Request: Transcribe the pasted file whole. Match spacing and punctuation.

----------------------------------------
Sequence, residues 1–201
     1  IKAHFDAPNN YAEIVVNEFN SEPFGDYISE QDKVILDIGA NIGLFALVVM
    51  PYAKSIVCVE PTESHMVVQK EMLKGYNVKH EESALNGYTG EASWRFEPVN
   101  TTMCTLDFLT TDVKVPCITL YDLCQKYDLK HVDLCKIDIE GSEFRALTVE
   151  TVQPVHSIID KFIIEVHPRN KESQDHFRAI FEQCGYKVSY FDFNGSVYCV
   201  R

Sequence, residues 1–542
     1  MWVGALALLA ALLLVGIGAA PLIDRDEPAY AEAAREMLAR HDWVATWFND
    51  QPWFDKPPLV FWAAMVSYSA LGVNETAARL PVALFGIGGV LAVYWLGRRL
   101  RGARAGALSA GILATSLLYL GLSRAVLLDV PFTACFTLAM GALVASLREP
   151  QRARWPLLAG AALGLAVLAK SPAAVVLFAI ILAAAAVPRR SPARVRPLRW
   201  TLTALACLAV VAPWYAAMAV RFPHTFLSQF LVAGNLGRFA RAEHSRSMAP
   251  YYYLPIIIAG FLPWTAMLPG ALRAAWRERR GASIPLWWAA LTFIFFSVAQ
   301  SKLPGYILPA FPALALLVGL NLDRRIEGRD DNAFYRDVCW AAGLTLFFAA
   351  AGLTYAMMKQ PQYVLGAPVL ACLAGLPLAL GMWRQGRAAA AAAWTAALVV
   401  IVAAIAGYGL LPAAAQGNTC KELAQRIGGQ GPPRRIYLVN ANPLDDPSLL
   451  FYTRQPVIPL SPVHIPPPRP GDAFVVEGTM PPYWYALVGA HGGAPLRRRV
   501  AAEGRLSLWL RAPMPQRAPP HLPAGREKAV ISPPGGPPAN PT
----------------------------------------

Sequence, residues 1–201
     1  IKAHFDAPNN YAEIVVNEFN SEPFGDYISE QDKVILDIGA NIGLFALVVM
    51  PYAKSIVCVE PTESHMVVQK EMLKGYNVKH EESALNGYTG EASWRFEPVN
   101  TTMCTLDFLT TDVKVPCITL YDLCQKYDLK HVDLCKIDIE GSEFRALTVE
   151  TVQPVHSIID KFIIEVHPRN KESQDHFRAI FEQCGYKVSY FDFNGSVYCV
   201  R

Sequence, residues 1–542
     1  MWVGALALLA ALLLVGIGAA PLIDRDEPAY AEAAREMLAR HDWVATWFND
    51  QPWFDKPPLV FWAAMVSYSA LGVNETAARL PVALFGIGGV LAVYWLGRRL
   101  RGARAGALSA GILATSLLYL GLSRAVLLDV PFTACFTLAM GALVASLREP
   151  QRARWPLLAG AALGLAVLAK SPAAVVLFAI ILAAAAVPRR SPARVRPLRW
   201  TLTALACLAV VAPWYAAMAV RFPHTFLSQF LVAGNLGRFA RAEHSRSMAP
   251  YYYLPIIIAG FLPWTAMLPG ALRAAWRERR GASIPLWWAA LTFIFFSVAQ
   301  SKLPGYILPA FPALALLVGL NLDRRIEGRD DNAFYRDVCW AAGLTLFFAA
   351  AGLTYAMMKQ PQYVLGAPVL ACLAGLPLAL GMWRQGRAAA AAAWTAALVV
   401  IVAAIAGYGL LPAAAQGNTC KELAQRIGGQ GPPRRIYLVN ANPLDDPSLL
   451  FYTRQPVIPL SPVHIPPPRP GDAFVVEGTM PPYWYALVGA HGGAPLRRRV
   501  AAEGRLSLWL RAPMPQRAPP HLPAGREKAV ISPPGGPPAN PT